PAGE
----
Friday, August 28, 2009
In Orange County Schools there are 12 projects across four schools — nine at New Hope and one at each of Gravelly Hill, Central and A.L. Stanback.
This is a great resource, if you're looking for your money to have a direct impact on the classroom.
Durham Tech Sponsors JobsNOW Orientation Sessions
(DURHAM, N.C.) – Durham Technical Community College is hosting free orientation sessions for its new JobsNOW training that can be completed in six months or less. An orientation session is scheduled for Wednesday, Sept. 2, from 6:30 to 8 p.m. in the Educational Resources Center on the college’s Main Campus in Durham. Another session will be held on Thursday, Sept. 3, from 6:30 to 8 p.m. at the Orange County Campus outside Hillsborough.
Those attending an orientation session will learn about the seven areas of training that JobsNOW now offers. A question and answer session will be included. Financial assistance is available for JobsNOW participants who qualify because of a job loss or other factors.
All of the training is targeted to high-demand occupational fields in Durham and Orange counties. The JobsNOW initiative, created by Gov. Beverly Perdue, is a collaborative effort by the state’s community colleges and the N.C. Department of Commerce. Approximately $13.4 million of the state’s American Recovery and Reinvestment Act funds have been set aside for JobsNOW.
Durham Tech will offer training in the following areas:
Nursing Assistant/Health Unit Coordinator
Nursing assistant instruction, technical and non-technical medical office training, and customer service skills development are combined in this training for work in hospitals and other health care facilities. Classes begin Sept. 8.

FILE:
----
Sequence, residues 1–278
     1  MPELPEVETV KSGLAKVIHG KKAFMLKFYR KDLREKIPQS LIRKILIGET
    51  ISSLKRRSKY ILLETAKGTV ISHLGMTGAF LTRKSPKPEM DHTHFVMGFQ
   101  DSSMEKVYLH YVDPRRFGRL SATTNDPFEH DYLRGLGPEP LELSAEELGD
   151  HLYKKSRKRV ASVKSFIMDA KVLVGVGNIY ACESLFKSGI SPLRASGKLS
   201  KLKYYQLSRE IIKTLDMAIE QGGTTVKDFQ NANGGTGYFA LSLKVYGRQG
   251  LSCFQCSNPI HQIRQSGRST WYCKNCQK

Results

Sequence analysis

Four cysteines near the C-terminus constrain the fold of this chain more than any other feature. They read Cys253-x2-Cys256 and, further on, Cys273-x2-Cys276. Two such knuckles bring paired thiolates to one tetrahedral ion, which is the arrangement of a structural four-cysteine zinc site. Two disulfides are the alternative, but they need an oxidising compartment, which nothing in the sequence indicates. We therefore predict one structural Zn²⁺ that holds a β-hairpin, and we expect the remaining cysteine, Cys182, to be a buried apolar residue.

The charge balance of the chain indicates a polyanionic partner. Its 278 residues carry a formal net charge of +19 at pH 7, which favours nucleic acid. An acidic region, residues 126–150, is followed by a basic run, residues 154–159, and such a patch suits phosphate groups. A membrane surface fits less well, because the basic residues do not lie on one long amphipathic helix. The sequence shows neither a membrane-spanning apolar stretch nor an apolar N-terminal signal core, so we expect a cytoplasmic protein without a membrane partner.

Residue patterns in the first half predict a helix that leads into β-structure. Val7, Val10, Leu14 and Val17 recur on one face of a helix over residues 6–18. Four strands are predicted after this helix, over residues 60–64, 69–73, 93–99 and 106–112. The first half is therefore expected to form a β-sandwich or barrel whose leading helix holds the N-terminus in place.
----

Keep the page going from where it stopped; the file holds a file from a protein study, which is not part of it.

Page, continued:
Green Landscape Designers/Solar Energy Technicians
In this Green Living Initiative program, learn about sustainable landscape designs and solar energy systems through classroom instruction. Apply the knowledge through a hands-on project that will hone the skills needed for employment in many sustainable industries. Classes begin Oct. 5.
Learn phlebotomy skills to work in hospitals, clinics, or other settings. This short-term training develops the skills for proper collection of blood and other specimens used for diagnostic laboratory testing. Classes begin Jan. 25.
Industrial Maintenance Technician
Learn general maintenance procedures as well as basic refrigeration and heating technology skills to qualify for entry-level heating, ventilation, and air conditioning (HVAC) employment. Classes begin Sept. 28.
Study medical terminology and other coding systems to sit for a credential to become an entry-level medical coder. Classes begin in the spring of 2010.
Under Car Care Technician
Learn about suspension, steering, brake, and emissions systems through a mix of functional and hands-on experiences in this short-term certificate training. Completers qualify for entry-level positions in the car care industry. Classes begin Sept. 28.
Biotechnology/Pharmaceutical Process Technician
This training is designed to provide industry-specific skills focused on maintaining a safe work environment; controlling, monitoring, and troubleshooting equipment; and analyzing, evaluating, and communicating about data to support the work of area biotechnology and pharmaceutical companies. Classes begin Oct. 5.
JobsNOW training also includes career readiness certification, workplace skills development, skills assessment, career exploration, and college placement testing. For more information about JobsNOW, contact Kelly King at 919-536-7222, ext. 4003, or visit www.durhamtech.edu/JobsNOW/index.htm
The Main Campus of Durham Tech is located off exit 10, Briggs Avenue of the Durham Freeway. The Orange County Campus is located off old N.C. Highway 86, exit 261 of Interstate 40, or exit 164 of Interstate 85.
Thursday, August 27, 2009